Friday 14 July 2017

OMAR KHADR: Was he really a terrorist?  (Part Five)

I have participated in the debates in United Nations conferences around the world on the subject of terrorism and after listening to the comments of the experts and other conferees on this subject, I have become knowledgeable to some degree on terrorism and terrorists.

There are six activities that can be classed as acts of terrorism. They are:

1.      Financing terrorist organizations. 

2.     Assisting terrorists in any capacity such as providing food and shelter, transportation, ammunition, guns, bomb-making parts, along with communications equipment, , etc.  

3.   Advocating acts of terrorism and soliciting citizens to join terrorist organizations.

4.   Raping and murdering unarmed citizens.

5.    Spying for terrorists.

6.   Making road-side bombs (improvised explosive device).

It is my honest opinion that the only acts of terrorism that Omar Khadr actually committed is that he did make road-side bombs (IEDs) and planted them on the roads. I say this because I have seen the video of him making these bombs and planting them on roads.  There is no doubt in my mind that he really knew what these bombs were intended for. What I don’t know is if any of these bombs actually injured or killed anyone.  It is highly unlikely that anyone can answer that question.

Let me be very clear on one aspect of the Omar Khadr matter. It is my honest opinion that even if that 15-year-old boy threw the grenade that killed the American soldier and seriously injured a second soldier, that particular act wasn’t an act of terrorism. He was defending himself from Americans who had attacked his village.

Imagine if you will that you are living in a small village and suddenly rockets and bombs hit the houses of village and villagers are dying all around you and you want to escape the village so you run to a wall that separates you and soldiers coming to kill those people who are still alive. You see a grenade near you and you pick it up and throw it over the wall to stop the soldiers you believe intend to kill you. What would you do?

As a 15-year-old having been told that the American soldiers are going to kill everyone in the village and villagers are dying from the explosions, would you believe that the oncoming soldiers won’t shoot you?  Well in fact this 15-year-old boy was actually shot once in the chest and while crawling away from the wall, he was shot twice in his back. His fears and beliefs were valid.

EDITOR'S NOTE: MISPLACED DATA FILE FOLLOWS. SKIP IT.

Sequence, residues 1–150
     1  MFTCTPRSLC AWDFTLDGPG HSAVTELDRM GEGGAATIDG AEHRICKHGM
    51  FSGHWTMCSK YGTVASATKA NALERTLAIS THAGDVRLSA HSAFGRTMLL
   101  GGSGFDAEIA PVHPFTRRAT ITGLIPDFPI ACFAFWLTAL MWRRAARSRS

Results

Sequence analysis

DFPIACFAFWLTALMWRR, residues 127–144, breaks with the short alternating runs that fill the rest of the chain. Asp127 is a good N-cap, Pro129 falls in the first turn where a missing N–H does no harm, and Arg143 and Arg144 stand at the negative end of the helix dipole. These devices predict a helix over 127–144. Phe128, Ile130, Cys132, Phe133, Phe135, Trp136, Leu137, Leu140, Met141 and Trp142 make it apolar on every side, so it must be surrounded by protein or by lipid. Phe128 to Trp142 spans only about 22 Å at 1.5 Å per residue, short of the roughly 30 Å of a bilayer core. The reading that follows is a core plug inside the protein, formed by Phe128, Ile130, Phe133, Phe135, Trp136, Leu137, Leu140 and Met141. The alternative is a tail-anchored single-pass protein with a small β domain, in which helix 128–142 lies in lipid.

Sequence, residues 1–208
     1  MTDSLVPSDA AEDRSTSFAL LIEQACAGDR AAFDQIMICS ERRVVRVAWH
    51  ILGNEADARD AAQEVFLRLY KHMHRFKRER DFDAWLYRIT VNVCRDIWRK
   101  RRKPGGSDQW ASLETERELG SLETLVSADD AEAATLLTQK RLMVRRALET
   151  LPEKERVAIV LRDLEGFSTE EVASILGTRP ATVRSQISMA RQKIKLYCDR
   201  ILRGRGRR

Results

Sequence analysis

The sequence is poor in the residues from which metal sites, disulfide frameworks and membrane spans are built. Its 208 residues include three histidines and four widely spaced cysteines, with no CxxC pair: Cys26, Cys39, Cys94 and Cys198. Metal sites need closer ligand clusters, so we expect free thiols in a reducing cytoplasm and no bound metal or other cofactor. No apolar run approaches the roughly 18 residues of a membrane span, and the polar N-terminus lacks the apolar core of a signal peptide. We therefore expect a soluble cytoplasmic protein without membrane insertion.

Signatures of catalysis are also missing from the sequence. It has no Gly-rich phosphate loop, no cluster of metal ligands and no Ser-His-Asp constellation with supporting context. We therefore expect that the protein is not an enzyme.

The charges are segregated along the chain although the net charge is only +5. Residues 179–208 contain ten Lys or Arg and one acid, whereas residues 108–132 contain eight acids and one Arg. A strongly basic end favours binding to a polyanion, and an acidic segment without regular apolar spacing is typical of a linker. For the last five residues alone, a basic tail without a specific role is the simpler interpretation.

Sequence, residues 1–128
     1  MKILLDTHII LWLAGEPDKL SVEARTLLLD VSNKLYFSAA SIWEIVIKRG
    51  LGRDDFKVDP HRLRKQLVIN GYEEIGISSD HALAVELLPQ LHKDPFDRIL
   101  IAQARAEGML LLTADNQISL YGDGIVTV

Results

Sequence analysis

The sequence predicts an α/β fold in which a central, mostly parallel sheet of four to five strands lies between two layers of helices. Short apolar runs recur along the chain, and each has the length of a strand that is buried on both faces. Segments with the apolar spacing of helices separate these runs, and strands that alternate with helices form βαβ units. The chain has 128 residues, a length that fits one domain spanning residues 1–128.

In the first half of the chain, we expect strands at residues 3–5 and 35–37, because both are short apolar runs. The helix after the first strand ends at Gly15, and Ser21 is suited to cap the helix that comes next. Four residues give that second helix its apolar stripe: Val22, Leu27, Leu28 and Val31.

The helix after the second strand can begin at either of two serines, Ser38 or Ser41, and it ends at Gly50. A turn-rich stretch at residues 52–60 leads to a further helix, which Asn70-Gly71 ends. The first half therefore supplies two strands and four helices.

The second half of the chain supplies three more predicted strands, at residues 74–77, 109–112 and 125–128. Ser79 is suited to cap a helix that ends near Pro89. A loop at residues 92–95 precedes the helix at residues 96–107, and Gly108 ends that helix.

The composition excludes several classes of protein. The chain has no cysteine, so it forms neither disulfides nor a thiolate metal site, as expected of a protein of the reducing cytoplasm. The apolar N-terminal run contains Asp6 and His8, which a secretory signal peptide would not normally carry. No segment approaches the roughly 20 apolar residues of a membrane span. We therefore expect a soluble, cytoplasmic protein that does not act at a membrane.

If he did throw the grenade over the wall, he did it as a child soldier fighting for his life. Does that make him a terrorist? I hardly think so notwithstanding that he hated Americans per se.

Suppose no grenade was thrown over the wall and the soldiers saw the 15-year-old child crawling away from the wall—would he still would have been shot and later captured and sent to  the American military prison at Guantánamo Bay in Cuba as a suspected terrorist. After all, that is why the village was bombed. The American military believed that it was full of terrorists. Omar was treated as a terrorist from the moment just prior to him being shot and thereafter.

I have not seen any proof that he did or didn’t throw the grenade over the wall. Omar Khadr told his interrogators that he didn’t know if he actually threw the grenade over the wall.

Now that remark may seem suspicious but it is a known fact that in the fog of war, events can be so tense, many such events are blocked from a soldier’s mind and can never be recovered. Further, Omar was being abused prior to and after the questioning, For three weeks prior to a Canadian visit by Canadian intelligence officers,  the American guards deprived Khadr of sleep, moving him to a new cell every three hours for 21 days in order to `make him more amenable and willing to talk"

Such treatment could have easily confused the 15-year-old boy soldier during his interrogation. In November 2004, following a meeting with his attorneys, Khadr was interrogated for four days about what he had discussed with his defence lawyers. That demand was an illegal demand being made. What was discussed between Omar and his attorney is privileged. Omar has said that during this time, interrogators used "extreme physical force" and refused to allow him to say his daily prayers. During the visit with his lawyers, they had administered a psychological questionnaire known as the “Mini–mental state examination” which they later gave to Dr. Eric Trupin, an expert in the developmental psychology of juveniles in confinement. Trupin stated that Khadr was suffering from “delusions and hallucinations, suicidal behaviour and intense paranoia, and that his abuse had left him particularly susceptible to mental coercion.”

On November 7th, 2005, Omar Khadr was formally charged with murder by an unprivileged belligerent (an unlawful combatant),  attempted murder by an unprivileged belligerent, aiding the enemy and conspiracy with Osama bin Laden, Ayman al Zawahiri, Sayeed al Masri, Muhammed Atef, al-Adel, Ahmed Khadr (Omar’s father) and various other members of the al Qaida organization.”